The decline in Singapore’s core inflation deepened in December 2020, while the headline measure improved.

Core inflation – which gauges price increments to sectors other than accommodation and private transport – was down by -0.3% year-on-year, according to the Consumer Price Index (CPI) released by the Department of Statistics (Singstat) on Jan 25.

This is a slip from the -0.1% posted in November and follows a larger decline in services costs as well as food inflation.

Meanwhile, headline inflation – the measure of the total inflation in the economy – came in flat, easing marginally from the -0.1% seen in the month before.

This came in response to a sharp 1.2% rise in private transport costs, the Monetary Authority of Singapore (MAS) and Ministry of Trade and Industry (MTI) detail in a joint release. The segment’s latest performance deviates from its -1.3% decline in November, the authorities note.

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An interesting performance was seen in the services segment which saw costs fall sharply to -0.8% in December, from -0.2% in November. This follows smaller increases in public transport fares, fees from telecommunication services as well as a steeper decline in tuition and other fees.

Prices of most of the other segments declined in December, except for accommodation where the inflation level remained flat at 0.3%. This comes as housing rents rose at a pace similar to that seen in November.

The cost of retail and other goods saw the sharpest fall to -1.2%, from -2.0% in the month before. This is on account of due to smaller declines in the prices of clothing & footwear and personal care products as well as increases in the costs of recreational & cultural goods and telecommunication equipment.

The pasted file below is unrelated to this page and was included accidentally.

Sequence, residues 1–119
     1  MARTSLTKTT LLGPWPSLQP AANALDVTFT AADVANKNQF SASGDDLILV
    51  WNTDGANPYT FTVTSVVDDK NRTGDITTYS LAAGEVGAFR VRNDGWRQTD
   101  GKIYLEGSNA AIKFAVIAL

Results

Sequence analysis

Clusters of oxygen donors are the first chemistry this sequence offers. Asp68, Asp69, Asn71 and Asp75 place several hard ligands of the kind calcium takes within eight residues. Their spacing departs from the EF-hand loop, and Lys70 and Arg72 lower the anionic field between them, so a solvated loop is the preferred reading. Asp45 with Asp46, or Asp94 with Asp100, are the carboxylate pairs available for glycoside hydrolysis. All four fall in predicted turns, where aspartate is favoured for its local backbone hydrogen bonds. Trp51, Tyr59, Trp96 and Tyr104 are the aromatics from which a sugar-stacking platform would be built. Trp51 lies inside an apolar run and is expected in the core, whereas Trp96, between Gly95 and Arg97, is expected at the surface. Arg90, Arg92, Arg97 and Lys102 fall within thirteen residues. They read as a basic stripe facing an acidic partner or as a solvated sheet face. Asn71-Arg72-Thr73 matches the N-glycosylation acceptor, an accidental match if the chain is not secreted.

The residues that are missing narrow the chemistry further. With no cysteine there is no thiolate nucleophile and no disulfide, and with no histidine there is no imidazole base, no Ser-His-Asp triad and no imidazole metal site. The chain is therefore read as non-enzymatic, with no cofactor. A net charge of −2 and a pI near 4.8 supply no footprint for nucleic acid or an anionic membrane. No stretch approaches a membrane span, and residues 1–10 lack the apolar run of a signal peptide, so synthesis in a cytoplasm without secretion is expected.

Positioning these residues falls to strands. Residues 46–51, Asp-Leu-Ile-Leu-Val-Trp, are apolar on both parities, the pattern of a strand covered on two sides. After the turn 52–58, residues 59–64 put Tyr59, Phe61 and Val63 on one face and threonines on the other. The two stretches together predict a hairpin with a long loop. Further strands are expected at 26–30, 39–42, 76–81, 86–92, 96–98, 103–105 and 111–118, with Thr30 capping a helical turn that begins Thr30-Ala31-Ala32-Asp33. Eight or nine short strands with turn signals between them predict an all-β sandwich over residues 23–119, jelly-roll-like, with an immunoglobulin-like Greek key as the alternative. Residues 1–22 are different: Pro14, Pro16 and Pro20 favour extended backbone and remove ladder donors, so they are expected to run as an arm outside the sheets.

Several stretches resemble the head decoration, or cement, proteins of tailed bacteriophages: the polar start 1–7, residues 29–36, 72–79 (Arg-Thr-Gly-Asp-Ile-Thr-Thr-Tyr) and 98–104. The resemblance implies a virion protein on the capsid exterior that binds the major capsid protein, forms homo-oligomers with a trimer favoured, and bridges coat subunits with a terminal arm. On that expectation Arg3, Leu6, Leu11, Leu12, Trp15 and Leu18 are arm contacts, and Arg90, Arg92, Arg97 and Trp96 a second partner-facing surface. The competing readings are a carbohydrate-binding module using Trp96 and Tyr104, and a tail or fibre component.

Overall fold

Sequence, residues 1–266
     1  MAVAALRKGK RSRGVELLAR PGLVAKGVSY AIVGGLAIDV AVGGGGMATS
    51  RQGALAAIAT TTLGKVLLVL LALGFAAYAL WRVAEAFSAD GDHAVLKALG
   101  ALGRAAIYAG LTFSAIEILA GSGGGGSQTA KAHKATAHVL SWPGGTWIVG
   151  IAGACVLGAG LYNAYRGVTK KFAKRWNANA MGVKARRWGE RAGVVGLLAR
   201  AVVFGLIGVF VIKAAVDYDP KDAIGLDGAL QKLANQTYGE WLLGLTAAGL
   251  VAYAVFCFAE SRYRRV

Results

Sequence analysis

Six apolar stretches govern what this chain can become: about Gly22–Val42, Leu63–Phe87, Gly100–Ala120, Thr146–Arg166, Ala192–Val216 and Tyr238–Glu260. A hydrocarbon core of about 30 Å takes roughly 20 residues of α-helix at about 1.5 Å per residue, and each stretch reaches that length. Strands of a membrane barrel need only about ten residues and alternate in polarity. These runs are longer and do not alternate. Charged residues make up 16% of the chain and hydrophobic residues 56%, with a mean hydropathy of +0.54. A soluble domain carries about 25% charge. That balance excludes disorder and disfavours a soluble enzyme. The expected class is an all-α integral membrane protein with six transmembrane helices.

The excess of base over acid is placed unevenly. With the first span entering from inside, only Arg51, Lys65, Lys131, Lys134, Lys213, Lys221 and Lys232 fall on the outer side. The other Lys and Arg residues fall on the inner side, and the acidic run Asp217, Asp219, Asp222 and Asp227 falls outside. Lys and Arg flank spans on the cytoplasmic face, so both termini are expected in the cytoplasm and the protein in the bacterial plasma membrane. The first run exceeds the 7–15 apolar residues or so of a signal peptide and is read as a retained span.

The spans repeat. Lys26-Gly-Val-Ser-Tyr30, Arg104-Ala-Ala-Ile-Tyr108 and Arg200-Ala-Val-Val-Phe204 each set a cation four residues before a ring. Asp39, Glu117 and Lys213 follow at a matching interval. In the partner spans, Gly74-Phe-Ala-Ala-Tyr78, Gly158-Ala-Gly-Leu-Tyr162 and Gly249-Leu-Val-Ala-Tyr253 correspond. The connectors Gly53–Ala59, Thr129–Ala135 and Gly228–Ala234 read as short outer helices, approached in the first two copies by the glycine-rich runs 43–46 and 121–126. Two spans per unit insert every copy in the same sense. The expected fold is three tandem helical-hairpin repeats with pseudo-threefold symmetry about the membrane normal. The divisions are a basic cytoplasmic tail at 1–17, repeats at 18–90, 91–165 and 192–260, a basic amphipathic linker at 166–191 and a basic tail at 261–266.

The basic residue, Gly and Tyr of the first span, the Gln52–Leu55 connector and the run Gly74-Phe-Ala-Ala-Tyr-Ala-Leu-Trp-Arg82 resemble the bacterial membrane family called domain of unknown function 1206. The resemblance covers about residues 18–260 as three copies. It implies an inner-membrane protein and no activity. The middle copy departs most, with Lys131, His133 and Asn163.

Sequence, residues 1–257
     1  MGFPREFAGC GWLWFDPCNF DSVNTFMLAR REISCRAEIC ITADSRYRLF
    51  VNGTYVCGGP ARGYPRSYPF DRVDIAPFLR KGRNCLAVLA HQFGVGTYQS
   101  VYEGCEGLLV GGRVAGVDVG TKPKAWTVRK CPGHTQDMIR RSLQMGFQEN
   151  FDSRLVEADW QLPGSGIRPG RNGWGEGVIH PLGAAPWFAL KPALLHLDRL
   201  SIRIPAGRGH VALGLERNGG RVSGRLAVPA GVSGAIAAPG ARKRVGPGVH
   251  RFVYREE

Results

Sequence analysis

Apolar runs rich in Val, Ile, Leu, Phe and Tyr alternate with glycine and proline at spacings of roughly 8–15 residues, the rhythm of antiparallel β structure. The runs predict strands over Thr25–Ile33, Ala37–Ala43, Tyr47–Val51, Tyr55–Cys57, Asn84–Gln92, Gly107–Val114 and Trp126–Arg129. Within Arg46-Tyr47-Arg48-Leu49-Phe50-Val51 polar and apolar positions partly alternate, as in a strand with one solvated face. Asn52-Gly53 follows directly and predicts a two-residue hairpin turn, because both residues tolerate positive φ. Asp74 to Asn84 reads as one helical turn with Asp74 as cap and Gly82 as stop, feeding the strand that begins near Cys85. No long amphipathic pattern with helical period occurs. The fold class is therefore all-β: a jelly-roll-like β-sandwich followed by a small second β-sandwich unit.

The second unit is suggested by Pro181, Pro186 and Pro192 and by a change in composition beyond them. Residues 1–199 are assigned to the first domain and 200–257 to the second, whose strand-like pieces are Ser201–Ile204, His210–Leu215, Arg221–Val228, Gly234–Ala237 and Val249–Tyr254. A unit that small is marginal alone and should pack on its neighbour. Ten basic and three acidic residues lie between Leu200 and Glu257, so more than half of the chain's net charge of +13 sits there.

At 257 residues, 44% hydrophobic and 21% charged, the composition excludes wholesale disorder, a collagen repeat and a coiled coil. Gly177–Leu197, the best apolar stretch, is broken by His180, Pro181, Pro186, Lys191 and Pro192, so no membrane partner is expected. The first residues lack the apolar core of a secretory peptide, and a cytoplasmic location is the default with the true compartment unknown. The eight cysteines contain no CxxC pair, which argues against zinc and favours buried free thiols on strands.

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Prices for electricity and gas inched down to -6.7% from November’s -6.8%. This comes as the sector – which has been in the red for over a year – saw an easing in the take-up of new subscriptions under the Open Electricity Market.

Similarly, food inflation dipped marginally to 1.6% following smaller increases in the prices of non-cooked food and restaurant meals. The segment had previously hit 1.8% in November.

Touching on the inflation levels for 2020, MAS and MTI note that both the core and headline price gauges had averaged at -0.2%.

Looking ahead, the authorities expect core inflation to average between 0% and 1%, while headline inflation is expected to fall between -0.5% and 0.5%.

“Core inflation is forecast to turn mildly positive this year, as the projected rise in oil prices from a year ago leads to a pickup in the oil‐related components of the CPI and the disinflationary effects of government subsidies introduced in 2020 fade,” the authorities say.

On a domestic front, cost pressures are slated to stay low as wage growth and commercial rents are slated to remain subdued. 

For instance, accommodation costs are expected to fall as the decline in foreign employment will continue to weigh on rentals, MAS and MTI note.

Meanwhile they note that private transport costs could rise modestly on the back of improving demand, while some other components of domestic services inflation could possibly increase gradually, in tandem with the recovery in the economy. 

Selena Ling, who heads the treasury research and strategy department of OCBC Bank shares similar sentiments. She expects 2021 headline and core CPI to fall at 0.7% and 0.5% year-on-year respectively. 

But first, she estimates that the first positive year-on-year headline CPI will come in at 0.1% as early as January 2021. “For 2021, mild reflationary prints, partly due to the low base in 2020 during the Covid-induced Circuit Breaker period and domestic recessionary conditions,” Ling explains.

To this end, she does not expect the MAS to recalibrate monetary policy from the current zero appreciation slope for the Singapore Dollar Nominal Effective Exchange Rate (S$NEER). 

“MAS is likely to err on the side of caution, like most other central banks, in view of the economic uncertainties regarding resurgent Covid waves prompting additional lockdowns globally, at least until growth recovery prospects are more stable,” mulls Ling.